There was no time for riding. Today, December 10, 2004, Webb was going to move in with his mother. It wasn't his first choice. First, he asked his ex-girlfriend if he could share her apartment. The two had dated for several months, and continued to live together until their lease expired a year earlier, when Webb had bought his new house. They had remained friends, and at first she had said yes, but she changed her mind at the last minute, not wanting to lead him on in the hope that they'd rekindle a romance. Desperate, Webb asked his ex-wife, Sue, if he could live with her until he regained his financial footing. She refused.
"I don't feel comfortable with that," she said.
Sue recalls that her ex-husband's words seemed painfully drawn out.
"I don't know if I can do that," she said. "Your mother will let you move in. You don't have any other choice."
Besides losing his house, Webb had also lost his motorcycle. The day before he was to move, it had broken down as he was riding to his mother's house in a nearby retirement community. After spotting Webb pushing the bike off the road, a helpful young man with a goatee and a spider-web tattoo on his elbow had given him a lift home. Webb arranged to get a pickup truck, but when he went back to retrieve his bike, it had disappeared.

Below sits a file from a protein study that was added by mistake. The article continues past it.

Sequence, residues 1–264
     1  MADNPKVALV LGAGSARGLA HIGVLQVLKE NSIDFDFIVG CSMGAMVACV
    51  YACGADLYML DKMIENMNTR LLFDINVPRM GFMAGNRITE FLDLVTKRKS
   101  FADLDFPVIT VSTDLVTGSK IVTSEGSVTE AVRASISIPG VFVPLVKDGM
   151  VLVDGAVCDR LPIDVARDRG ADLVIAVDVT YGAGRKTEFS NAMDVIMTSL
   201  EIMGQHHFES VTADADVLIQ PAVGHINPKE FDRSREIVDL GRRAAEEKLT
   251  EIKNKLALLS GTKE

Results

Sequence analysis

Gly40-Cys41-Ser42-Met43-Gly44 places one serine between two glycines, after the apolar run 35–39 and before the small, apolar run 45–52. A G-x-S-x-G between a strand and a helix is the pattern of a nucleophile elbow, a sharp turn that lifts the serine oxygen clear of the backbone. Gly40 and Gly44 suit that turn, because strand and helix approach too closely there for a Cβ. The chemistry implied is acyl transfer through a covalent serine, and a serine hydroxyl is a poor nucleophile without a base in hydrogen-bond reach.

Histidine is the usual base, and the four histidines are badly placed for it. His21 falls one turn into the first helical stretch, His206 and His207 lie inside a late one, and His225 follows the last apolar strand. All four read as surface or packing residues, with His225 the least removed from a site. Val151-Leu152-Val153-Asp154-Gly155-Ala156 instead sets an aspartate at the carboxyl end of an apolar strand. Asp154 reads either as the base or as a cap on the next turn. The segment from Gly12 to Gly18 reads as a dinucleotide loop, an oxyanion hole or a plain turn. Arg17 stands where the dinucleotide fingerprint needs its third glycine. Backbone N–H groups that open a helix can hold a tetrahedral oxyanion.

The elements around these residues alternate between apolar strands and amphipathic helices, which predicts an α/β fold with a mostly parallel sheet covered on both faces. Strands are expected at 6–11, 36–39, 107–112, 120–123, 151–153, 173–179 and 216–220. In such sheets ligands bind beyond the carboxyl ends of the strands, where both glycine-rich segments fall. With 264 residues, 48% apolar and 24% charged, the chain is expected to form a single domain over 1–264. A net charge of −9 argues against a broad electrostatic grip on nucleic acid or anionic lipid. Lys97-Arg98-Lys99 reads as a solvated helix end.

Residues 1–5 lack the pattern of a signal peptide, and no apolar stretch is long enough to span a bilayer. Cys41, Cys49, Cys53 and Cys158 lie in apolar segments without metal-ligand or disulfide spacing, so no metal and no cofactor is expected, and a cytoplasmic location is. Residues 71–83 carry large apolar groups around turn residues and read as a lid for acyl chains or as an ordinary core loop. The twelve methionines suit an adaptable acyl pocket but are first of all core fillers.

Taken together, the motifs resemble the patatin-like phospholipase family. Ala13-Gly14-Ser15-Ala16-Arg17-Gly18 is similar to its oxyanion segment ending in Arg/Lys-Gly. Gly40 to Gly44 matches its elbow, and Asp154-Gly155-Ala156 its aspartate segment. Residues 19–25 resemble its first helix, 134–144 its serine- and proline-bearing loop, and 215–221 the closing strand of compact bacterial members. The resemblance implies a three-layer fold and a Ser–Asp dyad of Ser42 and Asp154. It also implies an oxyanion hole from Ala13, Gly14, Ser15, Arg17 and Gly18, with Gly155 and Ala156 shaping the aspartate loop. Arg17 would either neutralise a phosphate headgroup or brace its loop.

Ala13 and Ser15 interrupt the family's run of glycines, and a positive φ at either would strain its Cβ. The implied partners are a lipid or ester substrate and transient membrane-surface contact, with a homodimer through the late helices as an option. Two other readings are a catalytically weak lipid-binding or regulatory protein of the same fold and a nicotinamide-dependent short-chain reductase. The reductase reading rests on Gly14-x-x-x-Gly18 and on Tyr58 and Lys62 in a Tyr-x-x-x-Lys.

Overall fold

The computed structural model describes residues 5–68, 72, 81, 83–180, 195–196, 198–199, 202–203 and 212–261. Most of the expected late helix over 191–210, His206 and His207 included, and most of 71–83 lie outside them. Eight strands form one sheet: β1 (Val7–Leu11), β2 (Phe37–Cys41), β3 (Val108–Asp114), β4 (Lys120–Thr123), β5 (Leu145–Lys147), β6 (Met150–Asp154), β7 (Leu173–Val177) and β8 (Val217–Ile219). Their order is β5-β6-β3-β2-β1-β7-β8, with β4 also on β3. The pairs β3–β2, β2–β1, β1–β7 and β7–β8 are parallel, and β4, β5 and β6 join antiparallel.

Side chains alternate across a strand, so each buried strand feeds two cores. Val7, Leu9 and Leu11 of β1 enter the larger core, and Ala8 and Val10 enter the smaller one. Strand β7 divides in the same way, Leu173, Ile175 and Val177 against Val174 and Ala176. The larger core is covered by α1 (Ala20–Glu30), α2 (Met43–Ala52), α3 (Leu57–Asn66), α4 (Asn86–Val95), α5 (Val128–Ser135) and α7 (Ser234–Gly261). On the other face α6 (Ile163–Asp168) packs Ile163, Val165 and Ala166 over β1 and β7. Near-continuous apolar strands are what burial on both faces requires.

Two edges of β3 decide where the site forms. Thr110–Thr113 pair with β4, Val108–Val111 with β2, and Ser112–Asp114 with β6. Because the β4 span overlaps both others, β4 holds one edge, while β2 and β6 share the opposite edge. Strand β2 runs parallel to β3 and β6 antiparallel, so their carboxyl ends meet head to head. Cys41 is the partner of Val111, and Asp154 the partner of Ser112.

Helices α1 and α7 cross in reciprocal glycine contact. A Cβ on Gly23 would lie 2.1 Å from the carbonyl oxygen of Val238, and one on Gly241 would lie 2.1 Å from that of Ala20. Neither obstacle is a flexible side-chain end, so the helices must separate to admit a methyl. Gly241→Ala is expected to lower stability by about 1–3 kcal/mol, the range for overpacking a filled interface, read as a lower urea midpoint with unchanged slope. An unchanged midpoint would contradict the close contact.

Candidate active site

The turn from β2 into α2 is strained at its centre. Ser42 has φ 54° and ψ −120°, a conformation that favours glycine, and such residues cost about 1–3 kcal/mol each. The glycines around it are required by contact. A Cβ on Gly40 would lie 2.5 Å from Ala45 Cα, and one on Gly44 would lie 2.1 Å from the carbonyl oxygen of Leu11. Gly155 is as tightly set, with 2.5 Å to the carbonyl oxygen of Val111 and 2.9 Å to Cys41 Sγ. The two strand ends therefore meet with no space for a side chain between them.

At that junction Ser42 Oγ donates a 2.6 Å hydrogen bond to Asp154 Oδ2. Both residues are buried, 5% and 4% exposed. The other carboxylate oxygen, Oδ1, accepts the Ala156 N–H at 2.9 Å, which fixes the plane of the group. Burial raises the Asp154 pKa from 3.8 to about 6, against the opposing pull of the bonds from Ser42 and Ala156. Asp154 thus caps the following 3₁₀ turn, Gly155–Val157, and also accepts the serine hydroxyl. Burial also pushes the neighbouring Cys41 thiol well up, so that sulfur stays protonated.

That night, Webb spent hours at his mother's house. At her urging he typed up a description of the suspected thief. But Webb didn't see much point in filing a police report. He doubted he'd ever see his bike again. He had been depressed for months, but the loss of his bike seemed to push him over the edge. He told his mother he had no idea how he was going to ever make enough money to pay child support and pay rent or buy a new home.
Although he had a paying job in journalism, Webb knew that only a reporting gig with a major newspaper would give him the paycheck he needed to stay out of debt. But after sending out 50 resumes to daily newspapers around the country, nobody had called for an interview. His current job couldn't pay the bills, and the thought of moving in with his mother at age 49, was more than his pride would allow. "What am I going to do with the rest of my life?" he asked. "All I want to do is write."